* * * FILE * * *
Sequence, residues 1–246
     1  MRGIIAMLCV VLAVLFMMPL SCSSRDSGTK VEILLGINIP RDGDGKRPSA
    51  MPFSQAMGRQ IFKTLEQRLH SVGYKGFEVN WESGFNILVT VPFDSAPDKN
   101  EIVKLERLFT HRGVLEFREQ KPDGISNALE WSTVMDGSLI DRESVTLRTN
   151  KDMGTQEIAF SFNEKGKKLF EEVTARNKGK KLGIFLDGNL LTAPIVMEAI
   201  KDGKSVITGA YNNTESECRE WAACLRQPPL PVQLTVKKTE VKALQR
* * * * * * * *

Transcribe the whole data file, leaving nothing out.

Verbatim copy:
Sequence, residues 1–246
     1  MRGIIAMLCV VLAVLFMMPL SCSSRDSGTK VEILLGINIP RDGDGKRPSA
    51  MPFSQAMGRQ IFKTLEQRLH SVGYKGFEVN WESGFNILVT VPFDSAPDKN
   101  EIVKLERLFT HRGVLEFREQ KPDGISNALE WSTVMDGSLI DRESVTLRTN
   151  KDMGTQEIAF SFNEKGKKLF EEVTARNKGK KLGIFLDGNL LTAPIVMEAI
   201  KDGKSVITGA YNNTESECRE WAACLRQPPL PVQLTVKKTE VKALQR